- Put warm, wet compresses on your eyes and cheekbones if you have pain around that area. Washcloths dipped in hot water work well. Make sure the water is not too hot so you do not get burned.
- Avoid alcohol. It makes the tissues lining your nose and sinuses swell up.
- Do not swim in chlorinated swimming pools. Chlorine can irritate nasal and sinus linings.
- Elevate your head at night. Some people find it helpful to sleep on 2 or 3 pillows.
- Use decongestants to relieve nasal stuffiness. Decongestants can be taken by mouth or used as nose drops or sprays. Oral decongestants, such as pseudoephedrine (Sudafed), are probably more effective and provide longer relief, but they cause more side effects. Sprays and drops provide rapid but temporary relief. Check with your doctor before using nonprescription medicines if you have high blood pressure or kidney disease. In some states, medicines containing pseudoephedrine (such as Sudafed) are kept behind the pharmacist's counter or require a prescription. You may need to ask the pharmacist for it or have a prescription from your doctor to buy the medicine.
- Don't give these medicines to a child younger than 2 unless you've checked with the doctor first. If your child’s doctor tells you to give a medicine, be sure to follow what he or she tells you to do.
Do not smoke or use other tobacco products. Smoking slows healing because it decreases blood supply and delays tissue repair. For more information, see the topic Quitting Smoking.
|Try a nonprescription medicine to help treat your fever or pain:|
Talk to your child’s doctor before switching back and forth between doses of acetaminophen and ibuprofen. When you switch between two medicines, there is a chance your child will get too much medicine.
|Be sure to follow these safety tips when you use a nonprescription medicine:|
For home treatment measures on other types of facial symptoms, such as eye, nose, mouth, or ear, see the specific topic in Related Information.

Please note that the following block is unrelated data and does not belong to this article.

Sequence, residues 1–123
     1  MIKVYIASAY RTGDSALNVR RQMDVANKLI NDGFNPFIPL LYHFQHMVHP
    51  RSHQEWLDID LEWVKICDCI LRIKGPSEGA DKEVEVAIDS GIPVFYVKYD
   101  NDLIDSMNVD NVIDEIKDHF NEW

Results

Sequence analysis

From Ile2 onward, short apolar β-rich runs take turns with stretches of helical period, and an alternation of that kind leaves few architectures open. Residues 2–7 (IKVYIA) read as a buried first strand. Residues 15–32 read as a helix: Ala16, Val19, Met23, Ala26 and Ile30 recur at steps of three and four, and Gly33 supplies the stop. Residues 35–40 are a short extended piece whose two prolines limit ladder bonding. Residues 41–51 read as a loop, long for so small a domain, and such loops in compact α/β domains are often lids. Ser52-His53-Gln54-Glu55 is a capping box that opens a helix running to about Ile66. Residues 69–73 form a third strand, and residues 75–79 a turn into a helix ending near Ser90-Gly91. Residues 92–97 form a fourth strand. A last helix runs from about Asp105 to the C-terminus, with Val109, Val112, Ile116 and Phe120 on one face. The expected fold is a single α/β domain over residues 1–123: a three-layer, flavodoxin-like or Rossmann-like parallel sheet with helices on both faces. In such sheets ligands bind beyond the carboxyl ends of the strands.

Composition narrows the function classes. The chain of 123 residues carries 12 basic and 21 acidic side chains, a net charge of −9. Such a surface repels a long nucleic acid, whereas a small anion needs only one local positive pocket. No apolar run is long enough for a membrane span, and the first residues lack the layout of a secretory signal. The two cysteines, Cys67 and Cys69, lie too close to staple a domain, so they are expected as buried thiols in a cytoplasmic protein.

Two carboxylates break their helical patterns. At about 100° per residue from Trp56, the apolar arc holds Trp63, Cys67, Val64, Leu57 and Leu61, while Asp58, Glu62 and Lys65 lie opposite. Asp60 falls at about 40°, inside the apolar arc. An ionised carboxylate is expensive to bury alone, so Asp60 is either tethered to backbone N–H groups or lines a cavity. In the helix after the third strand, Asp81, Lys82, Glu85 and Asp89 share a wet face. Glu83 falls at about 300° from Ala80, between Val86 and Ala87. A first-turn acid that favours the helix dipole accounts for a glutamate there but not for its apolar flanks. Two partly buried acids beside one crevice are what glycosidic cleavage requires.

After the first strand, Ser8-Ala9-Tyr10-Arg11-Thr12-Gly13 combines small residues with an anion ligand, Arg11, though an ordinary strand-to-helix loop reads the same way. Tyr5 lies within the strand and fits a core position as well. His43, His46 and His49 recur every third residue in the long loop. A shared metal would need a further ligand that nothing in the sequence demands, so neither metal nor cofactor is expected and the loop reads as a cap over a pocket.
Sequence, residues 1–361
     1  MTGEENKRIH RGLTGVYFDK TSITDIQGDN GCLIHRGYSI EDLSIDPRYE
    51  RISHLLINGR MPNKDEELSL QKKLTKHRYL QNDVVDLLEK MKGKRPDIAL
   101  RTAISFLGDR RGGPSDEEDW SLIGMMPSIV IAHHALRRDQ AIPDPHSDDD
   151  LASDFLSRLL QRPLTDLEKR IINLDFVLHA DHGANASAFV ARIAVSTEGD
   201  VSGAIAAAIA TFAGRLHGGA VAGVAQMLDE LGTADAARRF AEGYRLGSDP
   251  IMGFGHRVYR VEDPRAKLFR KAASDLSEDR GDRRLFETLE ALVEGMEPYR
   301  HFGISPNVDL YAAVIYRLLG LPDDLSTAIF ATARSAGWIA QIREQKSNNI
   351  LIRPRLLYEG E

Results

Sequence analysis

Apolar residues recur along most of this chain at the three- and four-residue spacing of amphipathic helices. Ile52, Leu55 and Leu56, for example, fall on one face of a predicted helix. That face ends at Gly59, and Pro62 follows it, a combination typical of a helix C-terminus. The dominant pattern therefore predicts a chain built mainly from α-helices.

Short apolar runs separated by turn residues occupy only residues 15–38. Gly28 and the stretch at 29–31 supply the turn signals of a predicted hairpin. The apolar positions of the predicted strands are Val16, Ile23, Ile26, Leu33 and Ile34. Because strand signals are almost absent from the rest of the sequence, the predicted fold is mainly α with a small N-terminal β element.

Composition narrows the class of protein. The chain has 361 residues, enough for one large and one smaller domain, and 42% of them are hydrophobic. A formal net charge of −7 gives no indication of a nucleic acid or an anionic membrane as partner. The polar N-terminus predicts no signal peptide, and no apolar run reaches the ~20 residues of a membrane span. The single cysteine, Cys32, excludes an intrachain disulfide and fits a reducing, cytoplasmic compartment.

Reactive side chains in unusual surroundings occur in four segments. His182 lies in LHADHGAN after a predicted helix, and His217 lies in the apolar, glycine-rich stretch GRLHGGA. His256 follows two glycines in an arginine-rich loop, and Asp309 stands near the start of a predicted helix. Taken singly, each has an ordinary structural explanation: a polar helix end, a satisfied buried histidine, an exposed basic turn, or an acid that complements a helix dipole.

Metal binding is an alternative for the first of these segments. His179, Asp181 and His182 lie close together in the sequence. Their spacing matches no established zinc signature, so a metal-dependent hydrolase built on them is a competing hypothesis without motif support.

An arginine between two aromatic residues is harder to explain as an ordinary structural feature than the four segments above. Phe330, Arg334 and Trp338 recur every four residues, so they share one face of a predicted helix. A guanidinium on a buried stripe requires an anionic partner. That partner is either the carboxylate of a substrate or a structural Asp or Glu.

Symptoms to Watch For During Home Treatment
Use the Check Your Symptoms section to evaluate your symptoms if any of the following occur during home treatment:
- Facial pain or swelling increases.
- Fever, headache, and nasal discharge become worse.
- Vision changes develop.
- Painful facial rash develops.
- Facial feeling or sensation changes develop.
- Symptoms continue despite home treatment.
- Symptoms become more severe or more frequent.
The following home treatment measures may help prevent sinusitis.
- Use a humidifier to keep the air in your home moist.
- Treat colds promptly. Blow your nose gently. Do not close one nostril when blowing your nose.
- Drink extra fluids when you have a cold. This helps keep mucus thin and draining.
- Do not drink alcohol. It makes the tissues lining your nose and sinuses swell up.
- Do not smoke or use other tobacco products. Smokers are more prone to sinusitis. For more information, see the topic Quitting Smoking. Avoid secondhand smoke.
- Use a decongestant nasal spray before or during airplane flights, especially during landing.
Preparing For Your Appointment
To prepare for your appointment, see the topic Making the Most of Your Appointment.
You can help your health professional diagnose and treat your condition by being prepared to answer the following questions:
- What are your main symptoms? How long have you had your symptoms?
- Have you had this problem before? If so, how was it treated?
- What makes your symptoms better or worse?
- Have you recently had a cough, cold symptoms, allergies, or headaches? Be prepared to describe any nasal drainage or sputum coughed up, or the location and severity of headaches.
- Have you had an injury to this area? Do you have any continuing problems because of a previous injury?
- What home treatment measures have you tried? Did they help?
- What prescription or nonprescription medicines do you take?
- Do you have any health risks?
|Author||Jan Nissl, RN, BS|
|Editor||Susan Van Houten, RN, BSN, MBA|
|Associate Editor||Tracy Landauer|
|Primary Medical Reviewer||William M. Green, MD - Emergency Medicine|
|Primary Medical Reviewer||Martin Gabica, MD - Family Medicine|
|Specialist Medical Reviewer||H. Michael O'Connor, MD - Emergency Medicine|
|Specialist Medical Reviewer||William H. Blahd, Jr., MD, FACEP - Emergency Medicine|
|Last Updated||May 11, 2009|
Last Updated: May 11, 2009